We have previously found that the hyperthermophilic archaeon Thermococcus kodakaraensis KOD1 (2) has an ability to degrade chitin, a β-1,4-linked linear homopolymer of GlcNAc, and successfully identified a novel chitin catabolic pathway. Namely, chitin is first degraded into the disaccharide GlcNAc2 by a unique extracellular chitinase from T. kodakaraensis (ChiATk) possessing endo- and exo-type catalytic domains (25, 28). The GlcNAc2 is probably translocated across the cell membrane by an ABC transport system and then deacetylated by a deacetylase (DacTk) with nonreducing end specificity. The partially acetylated disaccharide GlcN-GlcNAc is hydrolyzed into GlcN and GlcNAc by an exo-β-glucosaminidase (GlmATk), and the generated GlcNAc is further deacetylated to GlcN by DacTk (26, 27), resulting in the complete conversion of chitin into GlcN monomers. The genes for these enzymes are highly clustered on the T. kodakaraensis genome, whose features have recently been reported (accession no. AP006878) (12). Here, we focused on a gene within this cluster, encoding a probable sugar isomerase related to the isomerase domain of GlcN6P synthase, and clearly demonstrated that this probable sugar isomerase exhibited GlcN6P deaminase activity. This report identifies not only the first archaeal GlcN6P deaminase involved in chitin degradation but also a novel type of GlcN6P deaminase distinct from previously known enzymes.


Bacterial strains, plasmids, and media.

T. kodakaraensis KOD1 was grown anaerobically at 85°C in a screw-cap bottle with MA medium (4.8 g and 26.4 g of Marine Art SF agents A and B, respectively [Senju Seiyaku, Osaka, Japan], 5 g of yeast extract, and 5 g of tryptone in 1 liter of deionized water) supplemented with elemental sulfur (5 g/liter). Escherichia coli DH5α and BL21-CodonPlus(DE3)-RIL (Stratagene, La Jolla, CA) were used as hosts for the expression plasmid derived from pET-21a (Novagen, Madison, WI) and were cultivated in LB medium at 37°C.

DNA manipulations and sequencing.

DNA manipulations were carried out by standard methods, as described previously by Sambrook and Russell (23). Restriction enzymes and other modifying enzymes were purchased from Takara Bio (Otsu, Shiga, Japan) or Toyobo (Osaka, Japan). Small-scale preparation of plasmid DNA from E. coli cells was performed with the QIAGEN plasmid mini kit (QIAGEN, Hilden, Germany). DNA sequencing was performed with the BigDye Terminator cycle sequencing ready reaction kit, version 3.1, and the model 3100 capillary DNA sequencer (Applied Biosystems, Foster City, CA).

Construction of the expression plasmid.

The expression plasmid for glmDTk was constructed by PCR as described below. Two oligonucleotides (sense, 5′-GGTGAGCATATGCACGCAACGCTTAGAG-3′, and antisense, 5′-CCGGATCCCATCACCACTTTACGAC-3′[Underlined sequences indicate an NdeI site in the sense primer and a BamHI site in the antisense primer.]) and T. kodakaraensis genomic DNA were used as the primers and the template for DNA amplification, respectively. The amplified DNA was digested with NdeI and BamHI and then ligated with the corresponding sites in the plasmid pET-21a. The absence of unintended mutations in the insert was confirmed by DNA sequencing. The resulting plasmid was designated pET-glmD.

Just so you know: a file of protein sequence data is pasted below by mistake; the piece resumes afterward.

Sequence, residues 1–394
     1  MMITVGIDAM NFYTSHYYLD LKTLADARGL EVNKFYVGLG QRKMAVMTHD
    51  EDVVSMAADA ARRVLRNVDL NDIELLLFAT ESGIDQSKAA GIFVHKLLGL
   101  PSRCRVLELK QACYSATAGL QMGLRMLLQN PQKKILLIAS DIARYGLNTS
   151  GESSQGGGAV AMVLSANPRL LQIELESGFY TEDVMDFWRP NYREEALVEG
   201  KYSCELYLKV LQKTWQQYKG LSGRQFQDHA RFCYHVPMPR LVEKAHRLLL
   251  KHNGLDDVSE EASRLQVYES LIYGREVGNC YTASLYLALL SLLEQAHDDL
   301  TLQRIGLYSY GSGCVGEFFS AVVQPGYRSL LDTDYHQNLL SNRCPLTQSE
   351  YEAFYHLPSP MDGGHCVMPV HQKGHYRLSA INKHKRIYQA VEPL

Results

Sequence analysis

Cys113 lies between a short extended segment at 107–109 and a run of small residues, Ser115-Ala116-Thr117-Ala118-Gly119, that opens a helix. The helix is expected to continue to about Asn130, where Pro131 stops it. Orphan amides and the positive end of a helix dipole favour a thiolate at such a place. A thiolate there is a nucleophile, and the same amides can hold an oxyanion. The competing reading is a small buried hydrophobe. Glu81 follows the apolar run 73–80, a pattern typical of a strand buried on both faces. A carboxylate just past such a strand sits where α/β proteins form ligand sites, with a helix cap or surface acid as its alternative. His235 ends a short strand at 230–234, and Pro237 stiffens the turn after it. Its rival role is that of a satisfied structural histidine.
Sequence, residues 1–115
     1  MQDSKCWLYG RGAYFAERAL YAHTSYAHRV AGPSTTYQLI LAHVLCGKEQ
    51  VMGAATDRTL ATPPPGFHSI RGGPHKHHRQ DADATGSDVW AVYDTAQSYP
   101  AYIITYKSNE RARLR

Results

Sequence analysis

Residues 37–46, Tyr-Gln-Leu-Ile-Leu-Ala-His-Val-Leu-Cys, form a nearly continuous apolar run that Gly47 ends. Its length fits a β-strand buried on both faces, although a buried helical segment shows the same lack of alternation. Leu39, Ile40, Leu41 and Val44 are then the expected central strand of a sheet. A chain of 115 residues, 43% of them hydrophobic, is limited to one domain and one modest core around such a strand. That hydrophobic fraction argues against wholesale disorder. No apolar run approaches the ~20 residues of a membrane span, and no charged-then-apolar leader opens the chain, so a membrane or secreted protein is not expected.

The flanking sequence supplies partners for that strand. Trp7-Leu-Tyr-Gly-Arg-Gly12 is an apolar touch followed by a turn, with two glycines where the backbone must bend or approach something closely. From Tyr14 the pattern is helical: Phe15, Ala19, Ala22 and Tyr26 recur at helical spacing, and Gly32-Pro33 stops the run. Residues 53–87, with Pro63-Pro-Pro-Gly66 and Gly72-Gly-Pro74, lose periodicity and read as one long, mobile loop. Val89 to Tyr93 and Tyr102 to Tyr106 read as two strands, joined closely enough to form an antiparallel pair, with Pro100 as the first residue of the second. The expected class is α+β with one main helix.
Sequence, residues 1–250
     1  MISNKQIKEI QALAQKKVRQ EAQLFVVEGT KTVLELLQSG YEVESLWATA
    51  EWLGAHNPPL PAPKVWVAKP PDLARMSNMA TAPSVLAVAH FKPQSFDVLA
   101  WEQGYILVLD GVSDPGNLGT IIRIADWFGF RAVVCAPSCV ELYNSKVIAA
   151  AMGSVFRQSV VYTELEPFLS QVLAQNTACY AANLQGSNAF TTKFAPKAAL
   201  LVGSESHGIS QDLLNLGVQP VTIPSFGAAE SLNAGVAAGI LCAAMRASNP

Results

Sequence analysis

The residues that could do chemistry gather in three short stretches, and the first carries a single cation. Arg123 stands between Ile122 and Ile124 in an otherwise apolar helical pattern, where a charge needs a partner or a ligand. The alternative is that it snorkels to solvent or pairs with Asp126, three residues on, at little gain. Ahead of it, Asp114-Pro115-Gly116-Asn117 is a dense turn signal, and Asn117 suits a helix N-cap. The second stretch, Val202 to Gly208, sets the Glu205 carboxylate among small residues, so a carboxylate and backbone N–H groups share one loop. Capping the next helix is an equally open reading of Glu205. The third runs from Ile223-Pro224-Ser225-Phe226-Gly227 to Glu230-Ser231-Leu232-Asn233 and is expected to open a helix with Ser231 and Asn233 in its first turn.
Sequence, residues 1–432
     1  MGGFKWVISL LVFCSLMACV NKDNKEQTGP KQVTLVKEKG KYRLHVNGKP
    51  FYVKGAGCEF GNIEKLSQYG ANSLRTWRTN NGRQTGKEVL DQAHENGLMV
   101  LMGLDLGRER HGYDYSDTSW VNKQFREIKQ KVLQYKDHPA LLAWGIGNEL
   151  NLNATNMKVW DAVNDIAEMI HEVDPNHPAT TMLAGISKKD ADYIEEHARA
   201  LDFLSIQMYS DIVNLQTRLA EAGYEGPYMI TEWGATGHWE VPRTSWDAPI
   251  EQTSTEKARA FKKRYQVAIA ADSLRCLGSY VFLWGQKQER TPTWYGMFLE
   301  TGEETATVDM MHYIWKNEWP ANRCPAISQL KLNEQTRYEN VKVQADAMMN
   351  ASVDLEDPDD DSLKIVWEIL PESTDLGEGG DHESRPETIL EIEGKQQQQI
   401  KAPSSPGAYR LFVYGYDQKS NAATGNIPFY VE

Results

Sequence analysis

Purification of recombinant GlmDTk.

E. coli BL21-CodonPlus(DE3)-RIL cells harboring pET-glmD were induced for overexpression with 0.1 mM isopropyl-β-d-thiogalactopyranoside at the mid-exponential growth phase and incubated for a further 4 h at 37°C. The cells were harvested by centrifugation (5,000 × g for 10 min at 4°C), resuspended in buffer A (50 mM Tris-HCl [pH 8.0]), and then disrupted by sonication. The supernatant after centrifugation (15,000 × g for 10 min) was incubated at 85°C for 10 min and centrifuged (15,000 × g for 10 min) to obtain a heat-stable protein solution. The solution was applied to an anion-exchange Resource Q column (6 ml) (Amersham Biosciences, Piscataway, NJ) equilibrated with buffer A. The proteins were eluted with a linear gradient of 0 to 0.5 M NaCl, and the peak fractions eluted at 0.3 M NaCl were concentrated using an Ultrafree-4 centrifugal filter unit Biomax-10 (Millipore, Bedford, MA). This was applied to a gel filtration Superdex-200 HR 10/30 column (Amersham Biosciences) equilibrated with buffer A containing 0.15 M NaCl. Protein concentration was determined with the Bio-Rad protein assay (Bio-Rad, Hercules, CA), with bovine serum albumin as a standard.

Enzyme assays.